A week in Michigan

Kent State headed to Michigan Tuesday for an almost weeklong road trip.

The Flashes play at Western Michigan Wednesday and Eastern Michigan Saturday.

The team will stay on the road. Because the university is still on semester break, players won’t miss classes. During the school year, they would come home after a midweek game, then go out on Friday.

“We’ll have team-building activities — movies, bowling, things like that,” coach Danny O’Banion said at this week’s coaches’ luncheon. “We’ll watch some film and be together. This team really likes each other.”

The trip will end a stretch in which Kent State played four of its first five MAC games on the road. The Flashes are 0-3 in the league and 3-10 overall. They lost 81-61 at Central Michigan, 73-67 at Toledo and 77-66 to Buffalo in their home opener Saturday.

Of the Buffalo game, O’Banion said, “I laughed and cried a lot.” She said the team played about as well as it could in taking a 28-17 lead after the first quarter. But foul trouble — especially to leading scorer Jordan Korinek — hurt in a second quarter that saw KSU score just five points. It was the third straight game in which Korinek sat out long minutes in the first half.

“It’s key to keep Jordan out of foul trouble,” the coach said. “She’s not getting fouls on defense so much as going for balls and rebounds that are out of her range. She’s also challenged because sometimes it seems that fouls being called on her on offense when she’s getting whacked on the same kind of play on the other end.”

She said the team will probably make adjustments so feeds to Korinek will come from more players than 5-foot-5 point guard Naddiyah Cross. (“Sometimes it’s hard for her to see in the post.”) Some may come from redshirt freshman wing Tyra James, whom O’Banion called the best passer on the team. James led the team with six assists on Saturday and is one of the leaders in the MAC . She’s tied for fifth in the conference overall in the first three MAC games, averaging 5.0 a game. All of the other leaders are point guards.

James has averaged 12.3 points in conference play after scoring fewer than 10 in every game except one after Nov. 19. O’Banion moved her out of the starting line-up to the first player off the bench.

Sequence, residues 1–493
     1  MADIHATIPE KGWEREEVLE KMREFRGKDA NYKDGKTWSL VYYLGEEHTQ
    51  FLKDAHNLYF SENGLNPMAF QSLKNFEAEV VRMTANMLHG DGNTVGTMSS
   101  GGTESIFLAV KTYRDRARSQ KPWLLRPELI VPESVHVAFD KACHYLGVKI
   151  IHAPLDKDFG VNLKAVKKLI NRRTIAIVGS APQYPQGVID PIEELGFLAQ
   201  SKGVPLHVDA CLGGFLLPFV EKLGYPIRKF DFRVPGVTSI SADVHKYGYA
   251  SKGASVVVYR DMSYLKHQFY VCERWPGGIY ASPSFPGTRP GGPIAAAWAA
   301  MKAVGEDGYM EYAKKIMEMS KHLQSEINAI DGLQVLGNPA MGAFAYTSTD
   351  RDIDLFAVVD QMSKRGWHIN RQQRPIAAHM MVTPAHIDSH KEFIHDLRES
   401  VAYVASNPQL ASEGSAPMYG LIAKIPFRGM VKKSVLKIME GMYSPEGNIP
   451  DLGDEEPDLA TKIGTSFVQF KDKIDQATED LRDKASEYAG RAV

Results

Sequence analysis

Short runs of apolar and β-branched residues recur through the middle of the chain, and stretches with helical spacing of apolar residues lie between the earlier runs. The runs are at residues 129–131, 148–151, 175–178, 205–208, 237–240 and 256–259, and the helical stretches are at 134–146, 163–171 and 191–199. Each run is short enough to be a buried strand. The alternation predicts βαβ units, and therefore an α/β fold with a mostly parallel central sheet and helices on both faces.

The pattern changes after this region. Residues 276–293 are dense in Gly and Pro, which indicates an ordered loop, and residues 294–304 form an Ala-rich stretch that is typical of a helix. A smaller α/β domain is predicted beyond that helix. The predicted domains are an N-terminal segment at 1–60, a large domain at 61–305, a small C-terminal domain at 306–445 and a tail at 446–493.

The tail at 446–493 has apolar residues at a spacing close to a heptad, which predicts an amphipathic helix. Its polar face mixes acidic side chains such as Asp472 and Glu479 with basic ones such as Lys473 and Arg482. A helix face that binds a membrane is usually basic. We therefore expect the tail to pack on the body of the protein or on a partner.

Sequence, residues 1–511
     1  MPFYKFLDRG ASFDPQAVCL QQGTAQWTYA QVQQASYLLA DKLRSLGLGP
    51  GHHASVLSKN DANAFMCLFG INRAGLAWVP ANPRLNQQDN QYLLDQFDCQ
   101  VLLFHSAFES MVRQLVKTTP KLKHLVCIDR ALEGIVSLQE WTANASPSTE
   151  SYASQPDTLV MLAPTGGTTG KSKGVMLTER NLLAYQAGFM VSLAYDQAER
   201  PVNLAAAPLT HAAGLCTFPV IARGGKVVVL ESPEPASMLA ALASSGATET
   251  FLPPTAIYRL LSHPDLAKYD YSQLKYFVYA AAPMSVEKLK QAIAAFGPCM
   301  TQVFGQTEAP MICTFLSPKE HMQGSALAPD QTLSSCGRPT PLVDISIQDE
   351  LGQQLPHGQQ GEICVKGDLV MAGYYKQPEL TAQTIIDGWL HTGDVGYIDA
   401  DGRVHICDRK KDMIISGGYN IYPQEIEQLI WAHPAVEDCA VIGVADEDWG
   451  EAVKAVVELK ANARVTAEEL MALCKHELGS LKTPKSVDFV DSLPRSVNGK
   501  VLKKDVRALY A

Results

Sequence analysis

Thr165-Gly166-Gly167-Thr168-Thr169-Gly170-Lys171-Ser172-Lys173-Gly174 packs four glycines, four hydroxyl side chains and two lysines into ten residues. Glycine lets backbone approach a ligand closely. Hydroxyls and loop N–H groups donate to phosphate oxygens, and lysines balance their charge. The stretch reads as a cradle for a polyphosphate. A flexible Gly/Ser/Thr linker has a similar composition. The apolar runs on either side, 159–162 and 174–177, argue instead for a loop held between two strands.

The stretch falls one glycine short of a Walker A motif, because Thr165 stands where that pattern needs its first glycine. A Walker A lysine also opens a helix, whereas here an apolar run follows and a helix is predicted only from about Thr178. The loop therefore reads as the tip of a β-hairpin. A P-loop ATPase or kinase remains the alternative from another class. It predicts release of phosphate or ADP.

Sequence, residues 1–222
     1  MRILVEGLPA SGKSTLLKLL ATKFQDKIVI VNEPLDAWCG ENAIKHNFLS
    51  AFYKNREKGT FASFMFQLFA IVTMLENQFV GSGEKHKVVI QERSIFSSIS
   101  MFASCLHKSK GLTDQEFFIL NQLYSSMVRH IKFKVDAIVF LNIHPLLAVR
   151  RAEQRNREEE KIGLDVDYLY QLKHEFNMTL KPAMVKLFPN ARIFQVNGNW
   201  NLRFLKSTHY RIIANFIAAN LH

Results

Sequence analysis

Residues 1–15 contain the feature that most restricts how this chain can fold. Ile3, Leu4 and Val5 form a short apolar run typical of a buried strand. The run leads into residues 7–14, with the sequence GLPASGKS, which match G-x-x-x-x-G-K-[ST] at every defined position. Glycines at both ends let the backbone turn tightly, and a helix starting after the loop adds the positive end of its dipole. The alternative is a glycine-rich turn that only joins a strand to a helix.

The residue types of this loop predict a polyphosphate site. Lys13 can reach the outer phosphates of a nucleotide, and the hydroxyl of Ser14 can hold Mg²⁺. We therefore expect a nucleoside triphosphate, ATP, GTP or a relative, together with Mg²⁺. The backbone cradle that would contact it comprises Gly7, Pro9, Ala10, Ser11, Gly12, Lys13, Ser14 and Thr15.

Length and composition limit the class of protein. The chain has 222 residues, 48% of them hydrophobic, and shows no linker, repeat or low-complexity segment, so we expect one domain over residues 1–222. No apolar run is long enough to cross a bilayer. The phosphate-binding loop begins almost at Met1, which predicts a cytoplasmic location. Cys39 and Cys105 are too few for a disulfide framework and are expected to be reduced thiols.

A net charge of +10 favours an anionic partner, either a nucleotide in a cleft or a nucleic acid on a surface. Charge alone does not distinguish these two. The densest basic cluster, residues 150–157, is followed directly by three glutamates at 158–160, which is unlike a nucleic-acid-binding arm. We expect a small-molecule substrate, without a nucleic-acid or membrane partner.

“Tyra is tremendously gifted — and truly tough on Tyra,” the coach said. “She’s playing and producing like a starter, but coming off the bench, she doesn’t feel like she has to score every time she gets the ball.”

O’Banion said even though the team is last in the conference in points allowed at 72.3 points a game, it is capable of playing good defense. It’s a matter of better communication and adjustments in their match-up zone — new to the team this season — while play is going on, she said.

She said a curious statistic — Buffalo outscored KSU 35-17 in points off turnovers even though the teams were essentially even in turnovers themselves — was because Kent’s turnovers were mostly live-ball turnovers. Kent’s defense didn’t have chance to set up. “We also made some tired mistakes,” she said.

O’Banion said reserves like shooting guard/wing Keziah Lewis, forward Chelsi Watson and point guard Paige Salisbury are likely to see more playing time to keep players fresh. She said she especially wanted to keep point guard Cross’s minutes under 30, even as low as 25.

Western Michigan, Kent’s opponent Wednesday, is 9-6 on the season, 1-2 in the MAC, and  5-0 at home so far. The Broncos have beaten Bradley, IPFW and Toledo — all teams that beat the Flashes. WMU’s RPI is fifth best in the MAC and 100th best in the country (of 349 teams), according to RealTimeRPI. (Link is to all RPIs in MAC.) Its schedule is rated 114th hardest (fifth in the conference) .

Kent’s RPI is 323, lowest in the MAC, and its schedule strength is 243.

The Broncos are averaging 64.5 points per game (seventh in the league) and giving up 61.3 (fourth lowest). They have the best three-point field goal percentage (35.9) though they don’t take that many three points shots— 14 a game or ninth in the MAC. They make 5.0 a game.

They lead the conference in three-point field goal defense (25.9) and rank second in blocked shots (4.7 a game). Six-foot-three sophomore forward Teagan Reeves has blocked a conference-high 26 shots. Miracle Woods, a 6-foot senior forward, leads Western in scoring at 12.3 points per game.

Kent State is fourth in the conference in scoring (65.7), ninth in shooting percentage (39.7), second in steals (10.2 per game) and third in turnover margin (+0.85). The Flashes, though, are tied for ninth in the league by committing 18.7 turnovers per game. They’re last in in field goal percentage defense (43.9).